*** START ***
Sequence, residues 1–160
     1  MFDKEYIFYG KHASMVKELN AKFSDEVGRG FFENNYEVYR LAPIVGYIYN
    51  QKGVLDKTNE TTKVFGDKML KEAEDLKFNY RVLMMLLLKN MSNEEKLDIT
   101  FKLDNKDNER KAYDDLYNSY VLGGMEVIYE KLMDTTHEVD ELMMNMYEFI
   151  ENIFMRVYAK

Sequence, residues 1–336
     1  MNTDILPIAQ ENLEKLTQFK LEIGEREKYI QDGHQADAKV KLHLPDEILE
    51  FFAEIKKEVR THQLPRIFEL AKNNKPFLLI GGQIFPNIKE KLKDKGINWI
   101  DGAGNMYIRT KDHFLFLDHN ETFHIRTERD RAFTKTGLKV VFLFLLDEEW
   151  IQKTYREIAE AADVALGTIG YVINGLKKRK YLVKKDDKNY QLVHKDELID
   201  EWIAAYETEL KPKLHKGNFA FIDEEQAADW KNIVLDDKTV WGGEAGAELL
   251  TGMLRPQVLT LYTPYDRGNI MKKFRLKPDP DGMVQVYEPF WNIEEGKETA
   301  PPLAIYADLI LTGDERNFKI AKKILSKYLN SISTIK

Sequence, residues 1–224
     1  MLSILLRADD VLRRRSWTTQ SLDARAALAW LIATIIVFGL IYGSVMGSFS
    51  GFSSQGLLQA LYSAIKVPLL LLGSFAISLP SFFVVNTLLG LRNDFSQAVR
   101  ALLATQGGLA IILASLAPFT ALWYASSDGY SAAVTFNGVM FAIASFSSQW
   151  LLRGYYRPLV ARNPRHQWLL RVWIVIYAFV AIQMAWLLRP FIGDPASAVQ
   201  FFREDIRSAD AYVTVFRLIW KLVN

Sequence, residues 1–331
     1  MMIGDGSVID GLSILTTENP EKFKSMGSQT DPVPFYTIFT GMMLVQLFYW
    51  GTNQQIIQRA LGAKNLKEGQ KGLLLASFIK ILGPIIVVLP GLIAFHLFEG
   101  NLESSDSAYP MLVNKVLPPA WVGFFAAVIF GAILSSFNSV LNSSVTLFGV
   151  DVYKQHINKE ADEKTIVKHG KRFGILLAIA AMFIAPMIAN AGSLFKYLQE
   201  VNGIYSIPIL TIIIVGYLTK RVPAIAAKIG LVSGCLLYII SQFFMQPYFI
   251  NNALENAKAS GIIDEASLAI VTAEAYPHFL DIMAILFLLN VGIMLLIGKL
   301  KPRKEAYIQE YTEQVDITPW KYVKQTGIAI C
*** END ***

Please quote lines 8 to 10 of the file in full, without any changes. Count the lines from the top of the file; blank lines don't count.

    51  FFAEIKKEVR THQLPRIFEL AKNNKPFLLI GGQIFPNIKE KLKDKGINWI
   101  DGAGNMYIRT KDHFLFLDHN ETFHIRTERD RAFTKTGLKV VFLFLLDEEW
   151  IQKTYREIAE AADVALGTIG YVINGLKKRK YLVKKDDKNY QLVHKDELID